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3 Double-Lumen Tubes: First Step – The Positioning

3 Double-Lumen Tubes: First Step – The Positioning

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One-Lung Ventilation in Anesthesia







41 Ch/Fr

ID mm 5−6

39 Ch/Fr

ID mm 4.8−5.5

37 Ch/Fr

ID mm 4.5−5.1




35 Ch/Fr

ID mm 4.2−4.8

32 Ch/Fr

ID mm 3.4

28 Ch/Fr

ID mm 3.1−3.8

26 Ch/Fr

ID mm 3.4




Fig. 13.2 Sizes of bronchoscope reported in mm of external diameter (OD) fit differently from 26

to 41 Fr double-lumen tubes (DLT) with different internal diameters (ID)

difficult tube must be determined and should be tested in vitro before the use of the

airway guide. Second, the airway guide should never be inserted against a resistance; the clinician must always be aware of the depth of insertion. Two reported

perforations of the tracheobronchial tree have occurred [23, 24]. Third, a jet ventilator should be immediately available in case the new tube does not follow the airway

guide into the trachea, and the jet ventilator should be preset at 25 psi by the use of

an additional in-line regulator [25]. Finally, when passing any tube over an airway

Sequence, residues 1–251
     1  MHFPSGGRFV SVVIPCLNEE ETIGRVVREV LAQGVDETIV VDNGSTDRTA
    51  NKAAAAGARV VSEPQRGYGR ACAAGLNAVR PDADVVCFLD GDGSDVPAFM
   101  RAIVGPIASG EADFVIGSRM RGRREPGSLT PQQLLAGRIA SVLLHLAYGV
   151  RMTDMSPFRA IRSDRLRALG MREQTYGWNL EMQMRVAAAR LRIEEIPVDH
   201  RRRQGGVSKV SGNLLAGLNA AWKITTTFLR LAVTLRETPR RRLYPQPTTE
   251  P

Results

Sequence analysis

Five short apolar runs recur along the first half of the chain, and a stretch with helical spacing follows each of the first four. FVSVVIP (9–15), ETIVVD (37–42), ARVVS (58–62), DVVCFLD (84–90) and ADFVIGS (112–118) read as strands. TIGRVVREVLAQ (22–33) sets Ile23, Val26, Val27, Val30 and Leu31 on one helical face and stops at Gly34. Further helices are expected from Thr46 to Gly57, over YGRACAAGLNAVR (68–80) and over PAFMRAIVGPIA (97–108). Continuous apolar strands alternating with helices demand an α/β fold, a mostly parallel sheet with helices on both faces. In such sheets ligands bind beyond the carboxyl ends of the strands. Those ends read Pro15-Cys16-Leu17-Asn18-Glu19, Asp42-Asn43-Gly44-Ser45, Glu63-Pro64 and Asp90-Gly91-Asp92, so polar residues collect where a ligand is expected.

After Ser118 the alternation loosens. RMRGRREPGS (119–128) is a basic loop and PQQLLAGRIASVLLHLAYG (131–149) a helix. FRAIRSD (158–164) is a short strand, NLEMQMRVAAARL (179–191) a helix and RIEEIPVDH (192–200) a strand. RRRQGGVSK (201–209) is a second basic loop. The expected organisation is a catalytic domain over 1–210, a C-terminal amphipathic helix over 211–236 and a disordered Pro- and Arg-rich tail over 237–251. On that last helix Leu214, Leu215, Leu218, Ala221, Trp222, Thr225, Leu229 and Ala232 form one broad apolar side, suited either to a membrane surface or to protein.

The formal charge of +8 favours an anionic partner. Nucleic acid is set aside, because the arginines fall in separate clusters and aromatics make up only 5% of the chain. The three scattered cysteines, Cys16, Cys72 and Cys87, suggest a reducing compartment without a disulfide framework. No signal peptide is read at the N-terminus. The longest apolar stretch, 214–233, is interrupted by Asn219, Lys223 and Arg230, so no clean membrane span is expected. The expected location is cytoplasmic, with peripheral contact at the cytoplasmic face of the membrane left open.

guide, a laryngoscope should be used to facilitate the passage of the tube over the

airway guide past the supraglottic tissues. Because of the potential injury to the


G. Della Rocca and L. Vetrugno

bronchial tree from the stiff tip of the tube exchanger, a new catheter has been

designed with a soft tip to reduce the risk of trauma.


Mechanical Ventilation

Traditionally, ventilation during OLV has been performed with tidal volumes equal

to those used in two-lung ventilation (TLV), high FiO2, and zero end-expiratory

pressure (ZEEP). This practice was recommended to control hypoxemia, because

large tidal volumes (10–12 mL/kg) were shown to improve oxygenation and

decrease shunt fraction [26–28]. Recently, however, retrospective case series have